At any rate the current political situation is one of uncertainty. The opposition has shown the entire nation that they will not relinquish power even to a democratically elected government. This has sparked protests across the country- with more to come- demanding the Maoists be returned to government. The Maoists have publicly stated that they will not enter another government that is impotent. The process can only progress with the Maoists involved, but the Maoists will only be involved if executive power is rightfully placed in the civilian government, a demand the opposition will not give into without a fight. Rather than resolving- the recent actions have just exacerbated the contradictions and power struggles within Nepal, and the winners and losers will be seen

Friday, May 8, 2009

Video: Nepal's Coup

I recently teamed up with Austrian radical anarco-maoist-trotskyist Dave who put together a video of some of the recent event- with a bit of a commentary by yours truly.

I have tried to embed here- but if it doesn't work the link is this:

Thursday, May 7, 2009

Pictures from the last few Days.

The last week in Nepal has been one of intensifying social struggles. Here is a some pictures that Lal Salam Blog has been able to get from Kathmandu.

A pro-government Rally before as the "crisis" began. They were calling for the removal of the Chief of Army Staff Katawal. The Maoist led government removed Katwal after his repeated refusal to recognize the supremacy of the civilian government and his disobedience of the orders of the defence ministry.

When Katawal was removed, despite it being well within the governments power in the constitution, and being necessary for the protection of democracy, the opposition Nepali Congress called on its student supporters to protest, and the in small groups took to the streets to burn tires and cause disruption.

Above is Congress supporters burning tires near the Janadisha (the Maoists daily paper) offices. There was a nervous couple of hours at Janadisha at one point as their phones died, and there were rumours of an imminent military coup, however it turned out (thankfully) to just be a legitimate fault in the phone network.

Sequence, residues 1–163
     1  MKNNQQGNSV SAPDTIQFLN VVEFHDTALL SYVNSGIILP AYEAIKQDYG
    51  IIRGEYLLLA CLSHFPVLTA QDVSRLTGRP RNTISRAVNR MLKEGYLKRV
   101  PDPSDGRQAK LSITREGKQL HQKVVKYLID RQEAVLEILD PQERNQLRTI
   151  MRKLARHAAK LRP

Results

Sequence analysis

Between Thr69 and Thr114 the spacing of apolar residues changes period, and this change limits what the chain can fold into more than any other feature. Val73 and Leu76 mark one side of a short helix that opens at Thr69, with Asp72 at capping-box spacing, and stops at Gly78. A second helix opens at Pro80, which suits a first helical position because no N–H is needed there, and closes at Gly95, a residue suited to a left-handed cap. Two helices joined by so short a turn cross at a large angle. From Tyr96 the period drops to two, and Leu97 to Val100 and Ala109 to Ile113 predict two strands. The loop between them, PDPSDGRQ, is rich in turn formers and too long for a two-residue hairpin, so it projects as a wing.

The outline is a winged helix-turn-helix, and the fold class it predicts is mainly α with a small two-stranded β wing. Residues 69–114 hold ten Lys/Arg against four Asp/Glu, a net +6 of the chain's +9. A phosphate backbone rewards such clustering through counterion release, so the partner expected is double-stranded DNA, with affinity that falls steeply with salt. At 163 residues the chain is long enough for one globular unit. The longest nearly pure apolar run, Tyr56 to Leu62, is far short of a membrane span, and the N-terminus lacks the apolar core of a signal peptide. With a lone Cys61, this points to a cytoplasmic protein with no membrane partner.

More congress supporters burning tires. Note the difference between the Congress rally above, and the Maoists rally below.

Despite the obvious public support for the sacking of Katawal, the president went outside his constitutional role to reinstate him- rendering the Maoist government ceremonial. This was essentially a "soft coup" against the democratic government in Nepal, engineered largely outside of the country by the USA and India.

Above Minister of Information and Communications Mahara makes the last announcement of the Maoist led government- declaring that it is the decision of the rightful government of Nepal that the actions of the President is nothing short of illegal.

Below Prime Minister Prachanda announces his resignation due to the inability of the government to implement any of its promises due to the unlawful and unconstitutional actions of the opposition and international forces.

Below a rally protesting against the Coup proceeding through the tourist area. For the tourists looking to get to Nepal for the peace, serenity and "shangri-la" it put their world upside down.

The front page of "Jana Disha" the Maoists daily paper. It shows the President on the shoulders of the Indian Prime Minster and wearing the crown of the (now defunct) monarchy. Behind him are the leaders of the opposition all carrying the Indian flag.

As close as any of the royals got to being a maoist....

Speaks for itself.

Below: the protests are not all on the street- this is a program organised by civil society and hundred packed the auditorium. The support for the Maoists actions is even bigger then just the Maobadi- members of the UML and the head of the Nepali Bar Association spoke at this program.

Tuesday, May 5, 2009

The Coup in Nepal.